The moment might have been fleeting, but 11-year-old Allie Tassiello of Newtown, Conn., enjoyed its warmth.
She was happy, feeling a spark of emotion that has been largely absent from her town since Friday.
The pie came courtesy of Beth Howard, who had loaded up her RV Saturday with 100 cases of Granny Smith apples and drove more than 1,100 miles with her two terrier dogs, Jack and Daisy, from Eldon, Iowa to Newtown after hearing about the shooting at Sandy Hook Elementary School that killed 20 students and six teachers Friday.
Heartbroken and horrified by the news, Howard wrote on Facebook that if a piece of pie would would help ease some of the pain Newtown was feeling, she would "start driving right now," to deliver it.
Within a couple minutes, friends, neighbors and strangers posted a slew of comments, all saying they would pitch in with gas money.
By about 8:00 p.m. Friday, Howard decided she would make the trip. She set up a PayPal account, as friends had suggested, and two hours later she'd received $2,000 in donations.
"I asked myself, 'how can I not go after that wave of enthusiasm and support of people really wanting to help and looking for a way'," Howard said. "I became this vehicle for people who were looking to give back."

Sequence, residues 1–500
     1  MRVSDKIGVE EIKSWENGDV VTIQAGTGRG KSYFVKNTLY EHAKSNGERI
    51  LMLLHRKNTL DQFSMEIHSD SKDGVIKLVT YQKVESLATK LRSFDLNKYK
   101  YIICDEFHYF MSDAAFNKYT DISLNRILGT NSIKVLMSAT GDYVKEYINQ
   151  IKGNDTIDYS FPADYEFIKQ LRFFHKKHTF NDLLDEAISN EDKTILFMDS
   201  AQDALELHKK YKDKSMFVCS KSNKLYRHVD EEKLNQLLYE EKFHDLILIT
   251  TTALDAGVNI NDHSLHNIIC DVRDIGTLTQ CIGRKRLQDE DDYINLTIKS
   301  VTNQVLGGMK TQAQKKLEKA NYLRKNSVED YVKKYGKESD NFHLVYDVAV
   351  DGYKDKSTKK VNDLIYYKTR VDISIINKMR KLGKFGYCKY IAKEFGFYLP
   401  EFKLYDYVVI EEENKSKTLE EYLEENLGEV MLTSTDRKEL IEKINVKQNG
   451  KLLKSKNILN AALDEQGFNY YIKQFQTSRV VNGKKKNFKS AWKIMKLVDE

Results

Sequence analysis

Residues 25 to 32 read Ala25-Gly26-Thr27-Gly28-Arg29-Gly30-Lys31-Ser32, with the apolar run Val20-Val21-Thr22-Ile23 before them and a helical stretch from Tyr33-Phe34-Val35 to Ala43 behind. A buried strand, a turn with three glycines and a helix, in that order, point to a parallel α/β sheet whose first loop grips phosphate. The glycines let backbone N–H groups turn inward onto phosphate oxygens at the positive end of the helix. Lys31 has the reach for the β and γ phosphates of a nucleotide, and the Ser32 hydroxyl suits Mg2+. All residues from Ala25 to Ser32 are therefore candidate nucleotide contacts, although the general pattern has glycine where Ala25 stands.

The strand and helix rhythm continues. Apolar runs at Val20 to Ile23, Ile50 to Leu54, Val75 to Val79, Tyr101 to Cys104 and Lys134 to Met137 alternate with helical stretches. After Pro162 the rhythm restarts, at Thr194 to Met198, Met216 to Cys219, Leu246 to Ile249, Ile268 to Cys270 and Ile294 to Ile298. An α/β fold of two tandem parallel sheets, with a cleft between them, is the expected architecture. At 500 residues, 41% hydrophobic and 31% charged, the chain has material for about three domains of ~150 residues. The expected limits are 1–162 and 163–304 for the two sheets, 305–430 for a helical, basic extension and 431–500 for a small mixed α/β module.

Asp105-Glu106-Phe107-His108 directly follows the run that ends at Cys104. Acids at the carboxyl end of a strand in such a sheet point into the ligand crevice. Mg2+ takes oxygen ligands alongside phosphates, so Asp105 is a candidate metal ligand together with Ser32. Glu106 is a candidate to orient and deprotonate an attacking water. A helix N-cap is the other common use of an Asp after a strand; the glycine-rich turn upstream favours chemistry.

Howard finds a certain solace in pie. After her husband, Marcus Iken, died suddenly of a ruptured aorta in
Howard bakes, teaches pie-baking classes and writes for a living. In Eldon, she lives in the American Gothic home that provided the inspiration for artist Grant Wood's famous painting of a farmer couple with a pitchfork. She sells her pies from the Pitchfork Pie Stand.
The plan also included a stop in New Jersey, where a friend, Janice Molinari, and several of her neighbors offered use of their ovens.
Howard arrived in Flanders, N.J., about 3 p.m. Sunday, where Molinari already had her entire neighborhood baking apple pies. By Monday evening, they had cooked and collected at least 250 pies. They arrived in Newtown on Tuesday.
Howard has parked next to the General Store on Main Street where her RV, which has a picture of a giant pie, sparks the interest of passers-by. Some stop, take a minute and enjoy a slice.
Howard, Molinari other many volunteers, hope to stay in the stricken town at least until Saturday.
Throughout the week, Howard also hopes to host baking classes.
"It's an opportunity for people to heal a little bit," she said.
"Most of the time, you give people a slice of pie and it's just them enjoying for a few minutes something sweet," Molinari said. "It might sound silly to say, 'Hey, we are going to bake some pies and bring it the midst of this tragedy,' but in a way it's the simplest gesture I think you can make."